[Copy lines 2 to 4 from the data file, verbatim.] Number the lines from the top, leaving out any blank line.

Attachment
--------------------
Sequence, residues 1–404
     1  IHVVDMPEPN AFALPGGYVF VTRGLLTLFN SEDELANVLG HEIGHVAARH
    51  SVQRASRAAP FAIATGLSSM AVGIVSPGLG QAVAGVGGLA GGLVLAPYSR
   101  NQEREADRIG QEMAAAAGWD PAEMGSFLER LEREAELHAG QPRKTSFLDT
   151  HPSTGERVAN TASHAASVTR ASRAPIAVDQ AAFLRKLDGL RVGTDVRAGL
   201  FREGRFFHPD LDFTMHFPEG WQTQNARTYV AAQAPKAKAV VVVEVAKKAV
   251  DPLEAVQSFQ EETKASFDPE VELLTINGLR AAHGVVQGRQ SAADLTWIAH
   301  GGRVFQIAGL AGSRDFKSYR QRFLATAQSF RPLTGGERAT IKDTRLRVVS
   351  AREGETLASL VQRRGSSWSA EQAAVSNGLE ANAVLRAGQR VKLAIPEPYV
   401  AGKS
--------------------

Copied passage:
     1  IHVVDMPEPN AFALPGGYVF VTRGLLTLFN SEDELANVLG HEIGHVAARH
    51  SVQRASRAAP FAIATGLSSM AVGIVSPGLG QAVAGVGGLA GGLVLAPYSR
   101  NQEREADRIG QEMAAAAGWD PAEMGSFLER LEREAELHAG QPRKTSFLDT